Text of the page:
Inspect your property – Look for any holes or cracks around the base of your roof, in your fascia or around windows that squirrels could use to gain entry to your home. Most pests don’t need a very large holes in order to break their way into your home, so even small holes and cracks should be inspected.
Look for existing nests – While inspecting your property you’ll want to keep a close eye out for signs of an existing nest in your home. Sealing up holes before babies have been removed can result in them becoming trapped inside and starving to death.
Install vent and chimney covers – Mesh covers can easily prevent squirrels from getting into your attic via these entrance points. Most vents and chimneys are protected by plastic covers that are very easy for squirrels and other pests to chew their way through.
Clean up your yard – Squirrels, like most pests, are attracted to cluttered yards that are full of food sources and places to hide. Keeping your yard tidy from brush, trees that extend to your roof, messy woodpiles, pet food and open garbage bins can help deter them from staying in your yard and home.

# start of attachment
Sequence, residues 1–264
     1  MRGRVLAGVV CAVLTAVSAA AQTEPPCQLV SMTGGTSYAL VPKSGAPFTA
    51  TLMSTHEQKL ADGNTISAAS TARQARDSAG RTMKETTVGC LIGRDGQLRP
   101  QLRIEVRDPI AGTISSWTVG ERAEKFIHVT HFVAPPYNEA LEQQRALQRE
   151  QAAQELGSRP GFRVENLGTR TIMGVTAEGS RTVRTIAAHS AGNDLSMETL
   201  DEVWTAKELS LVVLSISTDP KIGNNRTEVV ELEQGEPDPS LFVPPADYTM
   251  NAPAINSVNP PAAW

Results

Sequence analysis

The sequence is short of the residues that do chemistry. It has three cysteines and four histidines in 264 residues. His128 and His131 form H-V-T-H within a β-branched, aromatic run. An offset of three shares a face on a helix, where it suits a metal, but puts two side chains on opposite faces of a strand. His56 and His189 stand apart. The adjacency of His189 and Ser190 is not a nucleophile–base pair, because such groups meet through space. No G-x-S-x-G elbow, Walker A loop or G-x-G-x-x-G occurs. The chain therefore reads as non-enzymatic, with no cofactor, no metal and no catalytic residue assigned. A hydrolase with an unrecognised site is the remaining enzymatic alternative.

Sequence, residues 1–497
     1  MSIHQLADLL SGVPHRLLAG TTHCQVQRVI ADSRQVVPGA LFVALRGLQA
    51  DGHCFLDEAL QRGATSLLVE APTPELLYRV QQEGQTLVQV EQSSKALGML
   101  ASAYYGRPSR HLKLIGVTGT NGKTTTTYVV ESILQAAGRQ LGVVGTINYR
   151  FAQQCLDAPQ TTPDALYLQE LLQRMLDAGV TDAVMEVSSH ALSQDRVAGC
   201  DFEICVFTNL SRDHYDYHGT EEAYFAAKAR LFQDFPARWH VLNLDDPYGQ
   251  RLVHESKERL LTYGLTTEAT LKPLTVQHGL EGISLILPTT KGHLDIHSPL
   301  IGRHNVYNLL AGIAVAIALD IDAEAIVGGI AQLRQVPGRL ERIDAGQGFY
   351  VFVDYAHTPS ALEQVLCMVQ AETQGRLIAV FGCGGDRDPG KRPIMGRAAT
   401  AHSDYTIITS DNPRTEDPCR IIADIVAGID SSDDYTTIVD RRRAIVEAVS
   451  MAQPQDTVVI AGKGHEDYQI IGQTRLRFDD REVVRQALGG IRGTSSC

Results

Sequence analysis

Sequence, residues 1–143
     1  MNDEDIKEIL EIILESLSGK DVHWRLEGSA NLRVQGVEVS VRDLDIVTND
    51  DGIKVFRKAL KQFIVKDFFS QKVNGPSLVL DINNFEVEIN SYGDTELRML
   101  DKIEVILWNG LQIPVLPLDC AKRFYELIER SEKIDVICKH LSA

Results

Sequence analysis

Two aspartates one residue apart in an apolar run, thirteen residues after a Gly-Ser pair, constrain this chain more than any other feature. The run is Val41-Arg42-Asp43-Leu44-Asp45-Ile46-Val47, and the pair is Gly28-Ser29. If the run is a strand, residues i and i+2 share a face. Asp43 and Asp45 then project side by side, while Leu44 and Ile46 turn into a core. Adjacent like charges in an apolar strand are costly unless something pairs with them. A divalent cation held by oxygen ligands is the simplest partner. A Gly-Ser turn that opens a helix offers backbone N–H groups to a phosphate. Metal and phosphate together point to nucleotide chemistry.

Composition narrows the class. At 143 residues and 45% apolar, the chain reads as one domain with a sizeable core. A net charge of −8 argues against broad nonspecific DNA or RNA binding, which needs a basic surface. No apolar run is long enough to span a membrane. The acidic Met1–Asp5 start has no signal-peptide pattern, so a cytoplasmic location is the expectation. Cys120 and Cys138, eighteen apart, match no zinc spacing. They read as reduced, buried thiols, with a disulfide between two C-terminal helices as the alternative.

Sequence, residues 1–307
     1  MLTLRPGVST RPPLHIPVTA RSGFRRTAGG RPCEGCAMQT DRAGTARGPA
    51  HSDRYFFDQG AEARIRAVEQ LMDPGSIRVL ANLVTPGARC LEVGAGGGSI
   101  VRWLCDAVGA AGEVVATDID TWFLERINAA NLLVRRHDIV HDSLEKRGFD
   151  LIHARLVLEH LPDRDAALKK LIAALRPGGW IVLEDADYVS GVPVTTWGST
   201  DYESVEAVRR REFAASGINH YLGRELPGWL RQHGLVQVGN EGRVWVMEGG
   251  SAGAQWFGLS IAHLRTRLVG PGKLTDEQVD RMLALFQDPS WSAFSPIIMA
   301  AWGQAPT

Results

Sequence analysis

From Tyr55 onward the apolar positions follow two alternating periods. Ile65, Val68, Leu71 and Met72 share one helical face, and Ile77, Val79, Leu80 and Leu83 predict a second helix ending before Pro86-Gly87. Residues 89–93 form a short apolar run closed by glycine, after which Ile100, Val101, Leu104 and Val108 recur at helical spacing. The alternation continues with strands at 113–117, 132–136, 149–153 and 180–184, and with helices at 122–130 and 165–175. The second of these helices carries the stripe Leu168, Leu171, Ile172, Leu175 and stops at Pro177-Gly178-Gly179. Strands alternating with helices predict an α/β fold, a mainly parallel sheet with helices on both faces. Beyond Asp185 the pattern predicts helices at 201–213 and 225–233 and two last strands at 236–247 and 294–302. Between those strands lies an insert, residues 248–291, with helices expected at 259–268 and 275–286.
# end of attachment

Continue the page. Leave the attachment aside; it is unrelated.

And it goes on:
Squirrel baby season can be an enjoyable time of the year if you play your cards right
Although squirrels can become quite the pest if they invade your home and are allowed to wreak havoc inside, there are some positives to baby season. Watching young squirrels grow and mature in your backyard can be both entertaining and educational, as long as you’ve prevented them from nesting in your home. As baby squirrels grow and they begin to run around your yard together, watching them interact is actually quite fun.
The main difference between an enjoyable baby season and one that isn’t is whether or not they’ve invaded your home or shed. By taking steps to inspect your home and sealing up any potential entrance points, you can rest assured that your backyard pests won’t be able to build their nest in your attic.
Use the knowledge you’ve just learned to prevent squirrels from becoming a problem so you’ll be able to enjoy the benefits of squirrels romping around and not have to worry about how to get rid of them.
PS – you might not want to leave chocolate lying around…they’re known to be bandits!